Business process re-engineering focus on the analysis and design of workflows and processes within an organization. BPR aimed to help organizations fundamentally rethink how they do their work in order to dramatically improve customer service, cut operational costs, and become world-class competitors. BPR seeks to help companies radically restructure their organizations by focusing on the ground-up design of their business processes. According to Davenport (1990) a business process is a set of logically related tasks performed to achieve a defined business outcome. It is "a structured, measured set of activities designed to produce a specified output for a particular customer or market." Improving business processes is important for businesses to stay ahead of competition in today's marketplace. Over the last 10 to 15 years, companies have been forced to improve their business processes because customers are demanding better products and services. Many companies begin business process improvement with a continuous improvement model. The BPR methodology comprises of developing the business vision and process objectives, identifying the processes to be redesigned, understanding and measuring the existing processes, identifying IT levers and designing and building a prototype of the new process. In this context it can be mentioned that, some of the biggest obstacles faced by reengineering are lack of sustained management commitment and leadership, unrealistic scope and expectations, and resistance to change. Re-engineering emphasized a holistic focus on business objectives and how processes related to them, encouraging full-scale recreation of processes rather than iterative optimization of sub processes. Business process re-engineering is also known as business process redesign, business transformation, or business process change management. Definition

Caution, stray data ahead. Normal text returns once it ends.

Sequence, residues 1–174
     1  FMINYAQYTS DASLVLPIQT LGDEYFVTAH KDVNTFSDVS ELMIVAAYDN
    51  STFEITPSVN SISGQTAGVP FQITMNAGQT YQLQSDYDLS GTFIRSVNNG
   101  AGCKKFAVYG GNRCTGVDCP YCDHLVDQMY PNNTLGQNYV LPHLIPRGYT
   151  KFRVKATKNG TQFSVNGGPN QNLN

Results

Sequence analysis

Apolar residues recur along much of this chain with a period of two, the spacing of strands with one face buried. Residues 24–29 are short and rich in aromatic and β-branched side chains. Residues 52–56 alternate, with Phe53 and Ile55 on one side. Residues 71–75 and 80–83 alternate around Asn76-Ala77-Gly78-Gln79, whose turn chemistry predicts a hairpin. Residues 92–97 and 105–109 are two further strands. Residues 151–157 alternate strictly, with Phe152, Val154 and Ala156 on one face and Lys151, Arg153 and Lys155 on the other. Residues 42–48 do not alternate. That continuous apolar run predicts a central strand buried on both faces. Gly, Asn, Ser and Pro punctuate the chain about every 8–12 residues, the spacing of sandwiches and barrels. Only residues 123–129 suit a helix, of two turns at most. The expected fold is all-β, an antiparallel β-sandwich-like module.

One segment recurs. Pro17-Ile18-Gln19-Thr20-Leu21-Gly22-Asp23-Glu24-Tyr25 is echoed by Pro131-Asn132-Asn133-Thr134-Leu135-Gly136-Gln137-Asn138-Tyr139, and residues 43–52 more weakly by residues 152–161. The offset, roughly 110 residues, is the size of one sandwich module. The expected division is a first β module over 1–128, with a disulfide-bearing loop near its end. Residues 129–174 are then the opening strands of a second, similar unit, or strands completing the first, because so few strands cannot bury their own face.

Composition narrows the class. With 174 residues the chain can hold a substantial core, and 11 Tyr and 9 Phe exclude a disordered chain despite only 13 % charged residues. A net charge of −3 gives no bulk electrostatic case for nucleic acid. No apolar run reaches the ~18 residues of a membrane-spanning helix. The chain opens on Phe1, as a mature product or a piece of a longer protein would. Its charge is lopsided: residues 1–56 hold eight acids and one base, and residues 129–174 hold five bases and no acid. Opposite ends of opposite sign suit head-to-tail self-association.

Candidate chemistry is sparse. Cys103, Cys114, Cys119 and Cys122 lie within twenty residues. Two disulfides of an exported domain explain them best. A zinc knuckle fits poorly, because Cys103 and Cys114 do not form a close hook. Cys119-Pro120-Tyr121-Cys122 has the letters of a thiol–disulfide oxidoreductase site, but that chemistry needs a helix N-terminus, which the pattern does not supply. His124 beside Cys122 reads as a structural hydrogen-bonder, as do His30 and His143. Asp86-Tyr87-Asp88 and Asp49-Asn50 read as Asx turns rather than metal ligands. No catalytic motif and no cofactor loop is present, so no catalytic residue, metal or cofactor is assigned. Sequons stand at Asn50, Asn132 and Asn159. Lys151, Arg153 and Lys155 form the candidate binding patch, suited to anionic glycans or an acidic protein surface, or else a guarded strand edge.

The most notable definition of reengineering by (Hammer and Champy, 1993) is: “The fundamental rethinking and radical redesign of business processes to achieve dramatic improvements in critical contemporary modern measures of performance, such as cost, quality, service, and speed". The concept of business processes - interrelated activities aiming at creating a value added output to a customer - is the basic underlying idea of BPR. These processes are characterized by a number of attributes: Process ownership, customer focus, value adding, and cross-functionality. Business Process Reengineering (BPR) and Total Quality Management (TQM) Total Quality Management and BPR share a cross-functional relationship. Quality specialists tend to focus on incremental change and gradual improvement of processes, while proponents of reengineering often seek radical redesign and drastic improvement of processes. Quality management often referred to as TQM or continuous improvement, means programs and initiatives, which emphasize incremental improvement in work processes, and outputs over an open-ended period of time. In contrast, reengineering, also known as business process redesign or process innovation, refers to prudent initiatives intended to achieve radically redesigned and improved work processes in a specific time frame. In contrast to continuous improvement, BPR relies on a different school of thought. The extreme difference between continuous process improvement and business process reengineering lies in where you start from and also the magnitude and rate of resulting changes. In course of time, many derivatives of radical, breakthrough improvement and continuous improvement have emerged to address the difficulties of implementing major changes in corporations. Benefits of BPR
Major benefits are as follows:
70 percent decreases in cycle time.
40 percent decreases in costs
40 percent increases in customer satisfaction, quality, and revenue 25 percent growth in market share
During the 1990s, business process reengineering captured the imagination...